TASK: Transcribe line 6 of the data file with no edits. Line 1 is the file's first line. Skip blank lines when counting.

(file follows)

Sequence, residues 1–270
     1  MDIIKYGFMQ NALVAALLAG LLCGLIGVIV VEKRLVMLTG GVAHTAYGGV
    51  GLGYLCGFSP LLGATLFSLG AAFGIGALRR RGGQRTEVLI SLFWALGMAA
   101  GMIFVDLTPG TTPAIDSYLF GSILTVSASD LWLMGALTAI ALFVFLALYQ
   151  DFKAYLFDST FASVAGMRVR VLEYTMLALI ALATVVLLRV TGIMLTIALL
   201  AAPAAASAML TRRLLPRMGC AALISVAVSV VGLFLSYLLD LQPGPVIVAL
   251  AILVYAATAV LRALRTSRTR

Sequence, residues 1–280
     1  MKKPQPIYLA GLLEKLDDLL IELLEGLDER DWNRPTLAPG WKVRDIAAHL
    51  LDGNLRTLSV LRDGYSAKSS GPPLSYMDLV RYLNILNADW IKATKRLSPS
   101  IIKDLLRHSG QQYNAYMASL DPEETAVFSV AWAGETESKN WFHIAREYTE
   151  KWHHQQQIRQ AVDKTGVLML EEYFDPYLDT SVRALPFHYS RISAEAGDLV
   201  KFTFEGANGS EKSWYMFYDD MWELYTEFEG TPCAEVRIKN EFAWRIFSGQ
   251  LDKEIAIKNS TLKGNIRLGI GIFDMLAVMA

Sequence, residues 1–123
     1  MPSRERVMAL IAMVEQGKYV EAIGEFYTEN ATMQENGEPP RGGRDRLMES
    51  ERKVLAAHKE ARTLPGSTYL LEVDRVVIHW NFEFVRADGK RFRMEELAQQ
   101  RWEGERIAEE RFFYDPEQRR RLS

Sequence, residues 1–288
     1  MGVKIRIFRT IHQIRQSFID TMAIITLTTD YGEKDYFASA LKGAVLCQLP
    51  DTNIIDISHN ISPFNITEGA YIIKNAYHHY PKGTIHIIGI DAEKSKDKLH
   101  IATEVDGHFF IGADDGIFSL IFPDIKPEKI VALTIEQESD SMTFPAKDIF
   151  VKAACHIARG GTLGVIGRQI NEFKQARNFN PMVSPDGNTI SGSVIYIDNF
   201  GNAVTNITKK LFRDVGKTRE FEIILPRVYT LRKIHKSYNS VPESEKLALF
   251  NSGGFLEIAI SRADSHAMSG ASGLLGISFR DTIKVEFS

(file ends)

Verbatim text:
   201  AAPAAASAML TRRLLPRMGC AALISVAVSV VGLFLSYLLD LQPGPVIVAL